Prince's $10m (£6.9m) Paisley Park home is to be turned into a museum celebrating the life and work of the music icon, it has been confirmed. Following the sudden death of the 57-year-old on 21 April, the compound where he lived for three decades and recorded much of his music, has become a focal point for his fans who have converged on the site to pay their respects and leave tributes for the Purple Rain singer.
The singer's brother-in-law Maurice Phillips, said that a museum would be a fitting memorial for the artist who was loved by millions. "We will turn Paisley Park into a museum in Prince's memory," he told the Sun: It would be for the fans. He was all about the fans - this would remember his music, which is his legacy."
Phillips, who is married to Prince's sister Tyka, said while the singer was a notoriously private man, who lived in near seclusion at the mansion, he would have wanted his life's work and his music to be remembered.
According to a close friend of the singer and collaborator Sheila E. while Prince had left no known will, he had always intended for Paisley Park to be opened up to his fans.
She told Entertainment Tonight that plans had already been in the works: "We're hoping to make Paisley what [Prince wanted] it to be. [He] was working on it being a museum. He's been gathering memorabilia and stuff from all the tours, like my drums and his motorcycle. There's a hallway of his awards and things, which he really didn't care about too much, but he displayed it for the fans because he knows that they would want to see it. There's pictures of him all down the halls, some you've seen before and some never [seen]... There's a mural on the wall with his hands out and on one side is all the people he was influenced by and the other side is all of us who have played with him... It's beautiful."
While only close friends, family, fellow musicians and the occasional journalist have set foot inside the compound the musician offered rare access to his home two years ago when fans were given a virtual tour of the complex which comprises a 10-man wardrobe, where the singer's iconic stage costumes were stored. The compound has its own recording studio where many of the musician's guitars were on display, and a rehearsal room.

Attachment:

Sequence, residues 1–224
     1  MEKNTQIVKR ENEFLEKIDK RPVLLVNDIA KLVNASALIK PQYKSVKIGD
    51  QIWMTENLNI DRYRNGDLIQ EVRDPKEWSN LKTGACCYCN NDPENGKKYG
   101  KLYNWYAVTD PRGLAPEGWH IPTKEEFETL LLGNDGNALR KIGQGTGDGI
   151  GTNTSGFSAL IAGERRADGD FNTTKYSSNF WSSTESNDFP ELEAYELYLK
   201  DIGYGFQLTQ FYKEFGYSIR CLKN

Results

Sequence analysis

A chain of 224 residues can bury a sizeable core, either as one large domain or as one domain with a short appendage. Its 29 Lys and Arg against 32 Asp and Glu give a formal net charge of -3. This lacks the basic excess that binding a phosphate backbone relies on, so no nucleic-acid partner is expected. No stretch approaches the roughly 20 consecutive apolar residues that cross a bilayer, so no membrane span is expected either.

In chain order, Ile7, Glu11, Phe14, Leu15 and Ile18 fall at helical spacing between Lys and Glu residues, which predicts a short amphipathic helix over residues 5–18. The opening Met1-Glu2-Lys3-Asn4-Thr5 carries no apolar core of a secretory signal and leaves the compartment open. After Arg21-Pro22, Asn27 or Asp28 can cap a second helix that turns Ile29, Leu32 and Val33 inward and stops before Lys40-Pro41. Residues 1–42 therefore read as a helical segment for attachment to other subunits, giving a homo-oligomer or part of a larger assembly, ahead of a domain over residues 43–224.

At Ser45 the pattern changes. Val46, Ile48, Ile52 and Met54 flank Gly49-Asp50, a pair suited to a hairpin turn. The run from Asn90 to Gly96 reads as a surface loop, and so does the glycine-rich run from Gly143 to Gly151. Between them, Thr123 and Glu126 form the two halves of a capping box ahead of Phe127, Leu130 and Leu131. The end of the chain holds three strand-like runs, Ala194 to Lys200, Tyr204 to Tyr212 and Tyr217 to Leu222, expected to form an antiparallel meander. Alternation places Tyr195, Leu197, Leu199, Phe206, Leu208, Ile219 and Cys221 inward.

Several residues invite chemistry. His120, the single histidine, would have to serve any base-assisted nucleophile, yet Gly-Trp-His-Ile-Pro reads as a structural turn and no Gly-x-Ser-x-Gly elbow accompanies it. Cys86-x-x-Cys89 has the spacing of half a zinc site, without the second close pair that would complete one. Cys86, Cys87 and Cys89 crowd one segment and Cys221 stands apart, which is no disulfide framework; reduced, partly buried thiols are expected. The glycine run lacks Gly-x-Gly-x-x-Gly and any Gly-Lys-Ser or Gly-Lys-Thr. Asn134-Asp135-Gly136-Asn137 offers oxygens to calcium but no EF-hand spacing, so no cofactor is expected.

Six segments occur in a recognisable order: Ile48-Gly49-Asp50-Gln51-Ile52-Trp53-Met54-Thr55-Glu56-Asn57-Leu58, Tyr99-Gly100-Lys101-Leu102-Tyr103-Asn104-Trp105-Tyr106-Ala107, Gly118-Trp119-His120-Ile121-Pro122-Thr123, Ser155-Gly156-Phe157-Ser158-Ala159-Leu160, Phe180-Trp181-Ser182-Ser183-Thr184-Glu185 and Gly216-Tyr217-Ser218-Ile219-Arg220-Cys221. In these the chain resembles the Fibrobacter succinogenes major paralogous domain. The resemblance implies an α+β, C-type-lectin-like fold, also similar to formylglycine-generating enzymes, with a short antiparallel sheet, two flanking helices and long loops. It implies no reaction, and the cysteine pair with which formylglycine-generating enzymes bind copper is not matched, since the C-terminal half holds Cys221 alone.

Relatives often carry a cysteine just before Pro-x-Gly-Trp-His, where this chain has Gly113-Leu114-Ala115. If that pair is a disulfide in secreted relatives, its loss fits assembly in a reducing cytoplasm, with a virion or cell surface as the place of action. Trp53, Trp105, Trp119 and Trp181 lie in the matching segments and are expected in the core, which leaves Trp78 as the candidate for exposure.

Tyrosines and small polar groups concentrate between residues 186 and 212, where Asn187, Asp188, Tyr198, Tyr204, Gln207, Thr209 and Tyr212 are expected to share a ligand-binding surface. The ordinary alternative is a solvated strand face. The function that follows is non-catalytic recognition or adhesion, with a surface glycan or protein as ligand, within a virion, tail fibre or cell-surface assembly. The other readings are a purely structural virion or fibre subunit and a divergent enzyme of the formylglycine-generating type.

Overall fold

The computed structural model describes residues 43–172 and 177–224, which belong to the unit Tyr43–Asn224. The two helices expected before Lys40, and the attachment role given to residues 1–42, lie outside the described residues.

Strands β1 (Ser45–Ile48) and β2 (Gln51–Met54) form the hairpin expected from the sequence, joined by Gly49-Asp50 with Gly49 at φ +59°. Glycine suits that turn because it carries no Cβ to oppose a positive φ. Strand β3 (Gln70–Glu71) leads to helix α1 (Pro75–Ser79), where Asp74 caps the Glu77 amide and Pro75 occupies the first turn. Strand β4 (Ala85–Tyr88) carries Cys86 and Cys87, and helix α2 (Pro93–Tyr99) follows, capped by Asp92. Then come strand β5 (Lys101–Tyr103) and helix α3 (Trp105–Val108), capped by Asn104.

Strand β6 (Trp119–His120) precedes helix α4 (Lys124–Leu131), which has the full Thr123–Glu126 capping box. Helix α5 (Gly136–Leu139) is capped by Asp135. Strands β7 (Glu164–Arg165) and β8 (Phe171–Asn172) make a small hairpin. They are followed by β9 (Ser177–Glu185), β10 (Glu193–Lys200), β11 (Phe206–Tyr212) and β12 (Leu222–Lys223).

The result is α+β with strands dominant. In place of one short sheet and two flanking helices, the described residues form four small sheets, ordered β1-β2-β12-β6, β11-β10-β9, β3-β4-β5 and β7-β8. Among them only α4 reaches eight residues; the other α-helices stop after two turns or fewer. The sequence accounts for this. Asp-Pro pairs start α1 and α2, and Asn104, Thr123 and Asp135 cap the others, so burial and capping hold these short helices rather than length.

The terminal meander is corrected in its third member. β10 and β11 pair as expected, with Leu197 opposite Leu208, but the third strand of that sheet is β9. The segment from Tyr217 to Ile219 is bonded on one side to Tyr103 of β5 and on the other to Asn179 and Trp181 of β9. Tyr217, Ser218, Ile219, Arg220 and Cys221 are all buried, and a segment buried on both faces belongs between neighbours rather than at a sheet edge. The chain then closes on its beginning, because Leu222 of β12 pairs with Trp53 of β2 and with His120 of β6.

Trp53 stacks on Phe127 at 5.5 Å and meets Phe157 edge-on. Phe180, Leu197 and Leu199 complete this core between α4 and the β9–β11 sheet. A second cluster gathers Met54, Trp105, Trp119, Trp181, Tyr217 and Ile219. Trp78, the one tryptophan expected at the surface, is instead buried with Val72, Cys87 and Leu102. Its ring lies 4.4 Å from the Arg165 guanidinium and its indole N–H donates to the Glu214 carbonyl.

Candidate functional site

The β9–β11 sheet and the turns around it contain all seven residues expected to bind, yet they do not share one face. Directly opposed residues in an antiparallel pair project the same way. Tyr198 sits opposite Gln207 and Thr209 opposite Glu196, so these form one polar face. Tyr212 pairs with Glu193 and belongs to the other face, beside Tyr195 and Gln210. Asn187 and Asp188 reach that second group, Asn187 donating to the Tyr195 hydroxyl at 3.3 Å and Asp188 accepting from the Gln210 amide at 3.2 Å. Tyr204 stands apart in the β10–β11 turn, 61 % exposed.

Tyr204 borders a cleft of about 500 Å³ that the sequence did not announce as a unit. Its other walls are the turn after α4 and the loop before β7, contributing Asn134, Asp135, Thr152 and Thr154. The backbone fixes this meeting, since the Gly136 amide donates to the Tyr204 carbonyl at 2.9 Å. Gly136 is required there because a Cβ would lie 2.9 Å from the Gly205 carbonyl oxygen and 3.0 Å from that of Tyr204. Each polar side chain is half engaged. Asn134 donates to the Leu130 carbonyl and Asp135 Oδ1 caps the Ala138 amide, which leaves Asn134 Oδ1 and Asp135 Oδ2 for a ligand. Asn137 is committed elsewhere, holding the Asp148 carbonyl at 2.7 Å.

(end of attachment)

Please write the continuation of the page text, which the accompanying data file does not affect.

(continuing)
The lavish 50,000 sq ft studio complex reflected Prince's flamboyant style with plush velvet sofas and the walls painted like the sky, adorned with gold discs. A glass pyramid on top of the sprawling complex, was bathed in purple lighting when the star was home. It also contains a vault which is believed to contain thousands of unreleased recordings by the singer.
It's thought the Chanhassen, Minnesota, property could become a place of pop pilgrimage for fans of the music icon, much like Graceland . Following the death of Elvis Presley in 1982, his opulent home was turned into a museum housing costumes, cars and personal effects of the King of rock and roll, attracting more than 600,000 visitors a year.
According to CNN, Denny Laufenburger, the mayor of Chanhassen, told KMSP Paisley Park could become a permanent memorial to the singer providing the idea is supported by the singer's family.
"What's important to me is that we listen to the family's wishes, because they will be reflecting what Prince wanted, and we do what we can as a city to accommodate the safety of our citizens, the safety of our visitors," he said.
While suicide was ruled out, it will take several weeks before the results of the toxicology tests could narrow down the cause of death. Prince was cremated following a private ceremony at a Minneapolis funeral home within a week of his death, in accordance to his Jehovah's Witness faith.
While plans are underway for a memorial concert to be held in his honour, the news that the elusive star's home might be opened to the public is some source of consolation to his fans around the worldwide who continue to mourn his loss.